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Hey GrinderGuy, how do I make Playground Mulch?

For some reason, I have been asked this question three or four times the past month or two, so there must be more building going on or more Playgrounds looking for materials.

Being able to expand your material offerings diversifies your business. Adding a playground material to your natural mulch, colored mulch and soil lines assists with this. There are a whole lot of properties considered “Recreational Areas”, but offering material for these facilities is not like selling mulch for someone’s home landscape beds.

Playground material is usually a specified, certified product, assigned by an Architect in the building plans. These materials must be tested and approved as certified products. Not doing so and using normal every day mulch or wood chips can cause great financial harm to a Company.

I am not an expert — but there are Testing Labs that are experts. They can test your materials and tell you if you meet the specifications or not, and what needs to happen for your material to meet specifications. These are the specifications that I do know:

  • Free of Debris: obviously metal and any foreign or inert matter cannot be in the product. If you accept pallet or scrap lumber material, separate virgin never used clean scrap lumber or clean whole trees and logs from other debris and use this material for your Playground product.
  • Product Size and Compaction: typically material will be about ¾ – one inch +/- and limited in fines. Usually the material is screened to remove the fines, about ¼ inch or less. By doing so, this will reduce the likelihood of any compaction. The fines are what fill the airspace in between the larger mulch pieces and create compaction of the material. Compaction equals head injuries for the children on the playground.
  • Wheelchair Accessible: the material must be sufficient as to pass a wheelchair over top of it.

I did some searching on the web and it looks like at least the following three American Society for Testing and Materials International (ASTM) standards must be met for certified Engineered Wood Fiber, but there may be more than just three. You will need to get the exact description of these standards from the for Engineered Wood Fiber, or something similar to that description:

  • F1292 for Impact
  • F2075 for Foreign Debris
  • F1951 for Wheelchair Access

There are many testing labs around the country that can assist you. Use them and save yourself the trip to the courthouse. While the certification does cost a few dollars, it is probably not as much as your attorney’s hourly rate.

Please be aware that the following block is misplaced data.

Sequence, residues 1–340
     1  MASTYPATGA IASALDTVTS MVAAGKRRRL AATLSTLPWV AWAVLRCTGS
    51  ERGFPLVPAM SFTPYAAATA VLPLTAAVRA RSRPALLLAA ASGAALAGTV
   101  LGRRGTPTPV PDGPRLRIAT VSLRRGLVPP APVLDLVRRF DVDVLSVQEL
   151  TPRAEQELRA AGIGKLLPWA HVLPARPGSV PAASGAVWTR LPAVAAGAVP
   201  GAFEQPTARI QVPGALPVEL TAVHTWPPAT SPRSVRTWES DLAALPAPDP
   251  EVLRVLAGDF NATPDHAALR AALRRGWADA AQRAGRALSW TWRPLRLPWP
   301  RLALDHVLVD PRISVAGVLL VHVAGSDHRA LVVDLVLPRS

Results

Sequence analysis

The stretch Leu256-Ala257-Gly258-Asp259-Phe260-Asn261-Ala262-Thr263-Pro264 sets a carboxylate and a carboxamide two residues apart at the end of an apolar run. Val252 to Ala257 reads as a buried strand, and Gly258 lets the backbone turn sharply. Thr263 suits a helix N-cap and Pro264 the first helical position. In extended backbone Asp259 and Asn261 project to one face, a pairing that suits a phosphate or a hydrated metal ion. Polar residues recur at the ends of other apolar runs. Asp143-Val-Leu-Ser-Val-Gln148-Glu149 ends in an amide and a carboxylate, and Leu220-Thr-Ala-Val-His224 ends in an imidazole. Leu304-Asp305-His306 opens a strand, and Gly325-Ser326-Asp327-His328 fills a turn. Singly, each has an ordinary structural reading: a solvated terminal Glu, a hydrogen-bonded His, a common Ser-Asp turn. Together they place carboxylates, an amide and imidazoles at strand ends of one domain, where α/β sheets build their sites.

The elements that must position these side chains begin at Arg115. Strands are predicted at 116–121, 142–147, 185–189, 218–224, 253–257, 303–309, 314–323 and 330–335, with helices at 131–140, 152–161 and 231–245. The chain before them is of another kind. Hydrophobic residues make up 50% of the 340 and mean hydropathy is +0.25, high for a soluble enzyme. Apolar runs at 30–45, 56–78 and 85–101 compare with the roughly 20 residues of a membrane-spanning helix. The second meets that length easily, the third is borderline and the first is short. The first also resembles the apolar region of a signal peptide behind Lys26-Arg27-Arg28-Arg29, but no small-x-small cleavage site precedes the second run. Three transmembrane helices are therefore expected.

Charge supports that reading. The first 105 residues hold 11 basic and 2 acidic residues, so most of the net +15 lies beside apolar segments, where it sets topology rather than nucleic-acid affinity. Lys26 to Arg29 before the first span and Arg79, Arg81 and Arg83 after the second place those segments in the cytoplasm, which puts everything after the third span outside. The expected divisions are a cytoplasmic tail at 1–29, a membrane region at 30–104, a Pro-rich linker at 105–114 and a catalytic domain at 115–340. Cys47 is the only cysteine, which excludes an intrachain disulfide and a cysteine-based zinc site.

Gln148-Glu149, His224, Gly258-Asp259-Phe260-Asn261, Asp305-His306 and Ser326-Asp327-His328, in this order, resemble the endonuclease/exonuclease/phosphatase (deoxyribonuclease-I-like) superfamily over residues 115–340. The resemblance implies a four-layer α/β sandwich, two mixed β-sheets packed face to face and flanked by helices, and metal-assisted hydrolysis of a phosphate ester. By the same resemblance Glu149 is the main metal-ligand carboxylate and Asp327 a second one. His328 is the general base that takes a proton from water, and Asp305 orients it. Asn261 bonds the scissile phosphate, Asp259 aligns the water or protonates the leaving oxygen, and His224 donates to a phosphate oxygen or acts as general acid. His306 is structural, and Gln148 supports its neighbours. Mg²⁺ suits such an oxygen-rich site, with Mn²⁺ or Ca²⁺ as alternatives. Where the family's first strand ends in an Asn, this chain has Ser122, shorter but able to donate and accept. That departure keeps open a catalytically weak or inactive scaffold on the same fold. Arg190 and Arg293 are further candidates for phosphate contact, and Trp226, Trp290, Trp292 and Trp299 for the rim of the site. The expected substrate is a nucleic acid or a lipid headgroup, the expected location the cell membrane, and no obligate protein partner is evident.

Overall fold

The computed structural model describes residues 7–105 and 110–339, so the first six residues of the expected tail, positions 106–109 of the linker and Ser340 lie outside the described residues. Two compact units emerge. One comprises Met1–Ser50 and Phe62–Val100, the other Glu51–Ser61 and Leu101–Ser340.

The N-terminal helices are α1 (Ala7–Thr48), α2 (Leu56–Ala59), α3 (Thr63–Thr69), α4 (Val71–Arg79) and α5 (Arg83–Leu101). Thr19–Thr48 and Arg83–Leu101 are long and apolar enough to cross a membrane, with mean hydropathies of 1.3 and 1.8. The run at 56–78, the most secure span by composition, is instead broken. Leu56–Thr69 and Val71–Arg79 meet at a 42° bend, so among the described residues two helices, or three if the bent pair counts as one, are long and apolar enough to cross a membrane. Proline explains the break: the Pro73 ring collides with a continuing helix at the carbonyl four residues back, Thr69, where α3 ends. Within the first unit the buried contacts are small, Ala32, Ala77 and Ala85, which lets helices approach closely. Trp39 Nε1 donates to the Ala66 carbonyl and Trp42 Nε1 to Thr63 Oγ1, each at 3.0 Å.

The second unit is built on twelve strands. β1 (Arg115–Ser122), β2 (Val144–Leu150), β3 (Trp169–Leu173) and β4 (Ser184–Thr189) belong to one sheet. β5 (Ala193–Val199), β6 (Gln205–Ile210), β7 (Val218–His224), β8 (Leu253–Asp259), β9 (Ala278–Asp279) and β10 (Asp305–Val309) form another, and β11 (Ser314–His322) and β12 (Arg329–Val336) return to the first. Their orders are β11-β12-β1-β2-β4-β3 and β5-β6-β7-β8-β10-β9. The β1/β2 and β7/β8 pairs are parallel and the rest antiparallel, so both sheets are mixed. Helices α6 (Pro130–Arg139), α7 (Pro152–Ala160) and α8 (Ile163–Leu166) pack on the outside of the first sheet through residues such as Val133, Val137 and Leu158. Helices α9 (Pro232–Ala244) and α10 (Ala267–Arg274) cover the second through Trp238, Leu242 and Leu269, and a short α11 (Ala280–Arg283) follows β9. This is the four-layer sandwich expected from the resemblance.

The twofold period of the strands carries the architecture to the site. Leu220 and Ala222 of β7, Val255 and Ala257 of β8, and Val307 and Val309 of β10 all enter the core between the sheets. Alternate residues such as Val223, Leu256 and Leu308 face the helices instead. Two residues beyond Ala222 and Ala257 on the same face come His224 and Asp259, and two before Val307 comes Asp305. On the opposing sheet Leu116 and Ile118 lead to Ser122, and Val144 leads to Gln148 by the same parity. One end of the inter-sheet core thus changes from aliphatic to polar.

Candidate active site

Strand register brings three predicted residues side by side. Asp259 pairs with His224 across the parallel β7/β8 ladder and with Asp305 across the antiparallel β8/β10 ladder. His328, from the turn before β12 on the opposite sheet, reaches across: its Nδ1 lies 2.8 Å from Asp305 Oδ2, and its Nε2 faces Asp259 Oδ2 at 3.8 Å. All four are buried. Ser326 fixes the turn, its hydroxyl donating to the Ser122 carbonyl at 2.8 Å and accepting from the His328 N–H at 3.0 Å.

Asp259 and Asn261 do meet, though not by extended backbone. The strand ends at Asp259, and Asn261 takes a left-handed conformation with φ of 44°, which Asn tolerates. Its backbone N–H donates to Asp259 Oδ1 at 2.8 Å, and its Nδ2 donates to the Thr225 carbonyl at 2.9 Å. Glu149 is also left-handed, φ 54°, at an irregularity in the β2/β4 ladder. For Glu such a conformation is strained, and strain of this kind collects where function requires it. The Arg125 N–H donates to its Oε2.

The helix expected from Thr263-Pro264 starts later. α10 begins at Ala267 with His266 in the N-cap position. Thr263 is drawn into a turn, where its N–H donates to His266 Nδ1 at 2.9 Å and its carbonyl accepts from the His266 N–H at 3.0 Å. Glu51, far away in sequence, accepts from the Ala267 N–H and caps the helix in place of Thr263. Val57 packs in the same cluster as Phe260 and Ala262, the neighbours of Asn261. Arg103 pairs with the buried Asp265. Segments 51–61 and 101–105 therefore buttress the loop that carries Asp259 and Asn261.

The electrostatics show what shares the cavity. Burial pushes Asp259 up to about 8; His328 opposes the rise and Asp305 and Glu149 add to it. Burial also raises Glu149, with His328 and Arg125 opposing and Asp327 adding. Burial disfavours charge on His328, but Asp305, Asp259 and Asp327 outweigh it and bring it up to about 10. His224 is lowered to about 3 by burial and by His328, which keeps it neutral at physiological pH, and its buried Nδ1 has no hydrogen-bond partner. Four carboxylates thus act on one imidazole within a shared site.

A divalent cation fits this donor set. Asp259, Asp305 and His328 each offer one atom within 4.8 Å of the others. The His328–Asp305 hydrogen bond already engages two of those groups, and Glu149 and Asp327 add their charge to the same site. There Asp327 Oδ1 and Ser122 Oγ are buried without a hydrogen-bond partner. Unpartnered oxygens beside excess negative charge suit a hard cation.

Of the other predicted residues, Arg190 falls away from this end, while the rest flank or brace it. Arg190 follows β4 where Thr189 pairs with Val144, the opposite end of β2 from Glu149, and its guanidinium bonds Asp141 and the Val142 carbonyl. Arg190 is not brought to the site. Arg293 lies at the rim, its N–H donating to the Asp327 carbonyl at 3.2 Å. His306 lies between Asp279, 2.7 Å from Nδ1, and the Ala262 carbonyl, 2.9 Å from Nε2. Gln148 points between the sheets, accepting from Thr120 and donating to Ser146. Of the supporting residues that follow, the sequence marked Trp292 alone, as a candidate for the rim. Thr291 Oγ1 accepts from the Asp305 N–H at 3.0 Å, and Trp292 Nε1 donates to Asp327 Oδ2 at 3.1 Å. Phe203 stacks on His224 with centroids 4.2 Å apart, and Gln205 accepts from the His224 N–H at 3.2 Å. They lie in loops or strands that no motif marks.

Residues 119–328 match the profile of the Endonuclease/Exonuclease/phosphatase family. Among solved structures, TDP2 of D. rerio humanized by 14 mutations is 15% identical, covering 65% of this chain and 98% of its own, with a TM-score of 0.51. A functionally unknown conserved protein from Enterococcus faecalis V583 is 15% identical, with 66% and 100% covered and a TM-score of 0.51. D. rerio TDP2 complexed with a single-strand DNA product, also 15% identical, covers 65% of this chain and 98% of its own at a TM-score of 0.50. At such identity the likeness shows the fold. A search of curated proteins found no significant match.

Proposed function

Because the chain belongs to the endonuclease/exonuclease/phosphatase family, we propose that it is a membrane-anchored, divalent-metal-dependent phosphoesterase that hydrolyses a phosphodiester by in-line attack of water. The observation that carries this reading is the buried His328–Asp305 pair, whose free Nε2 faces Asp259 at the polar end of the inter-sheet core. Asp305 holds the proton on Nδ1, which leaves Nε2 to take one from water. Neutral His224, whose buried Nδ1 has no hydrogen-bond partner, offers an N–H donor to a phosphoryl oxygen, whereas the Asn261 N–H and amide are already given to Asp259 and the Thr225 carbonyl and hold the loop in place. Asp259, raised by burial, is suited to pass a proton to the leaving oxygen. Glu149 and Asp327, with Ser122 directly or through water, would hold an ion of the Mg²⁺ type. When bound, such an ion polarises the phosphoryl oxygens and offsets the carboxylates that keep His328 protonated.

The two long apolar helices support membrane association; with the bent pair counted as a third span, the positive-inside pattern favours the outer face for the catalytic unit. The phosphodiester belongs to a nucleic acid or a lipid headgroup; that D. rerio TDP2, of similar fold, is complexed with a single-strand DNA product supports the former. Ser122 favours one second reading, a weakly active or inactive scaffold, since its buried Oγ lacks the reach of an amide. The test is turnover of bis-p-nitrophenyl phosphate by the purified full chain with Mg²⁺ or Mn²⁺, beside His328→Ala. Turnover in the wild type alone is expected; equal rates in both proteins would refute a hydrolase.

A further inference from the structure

In addition, with the certification, you receive a much better price per yard for your material, which is what you are looking for anyway. Why? It is because there is less competition with this certified product than there is with regular mulch. other companies do not spend the money to certify their product and may not even know about the certification process.

How do you market your new material? Be aware of any schools, parks or any recreational areas being constructed in your area and see if there is material specified for these play surfaces and make sure they are not using just any material, especially for small children areas. Make the local contractors aware of your certified product and the benefits of using it. Also, let your neighborhood building commissions or builders and architect groups know about your materials. They may not know about certified product themselves or what they are for. If it is specified in the building plans, then every supplier must use the same standard for the materials and the builders and architects are safe from any legal issues down the road.

Obviously, if you wouldn’t want your children or grandchildren playing on the materials, don’t use it. If your community or business area is putting in a playground or such, make sure they know that not just any material will make it safe for children.

We survived being children, but I don’t think there were as many “Legal Eagles” back then?!

Questions?     Dave Whitelaw, The GrinderGuy .


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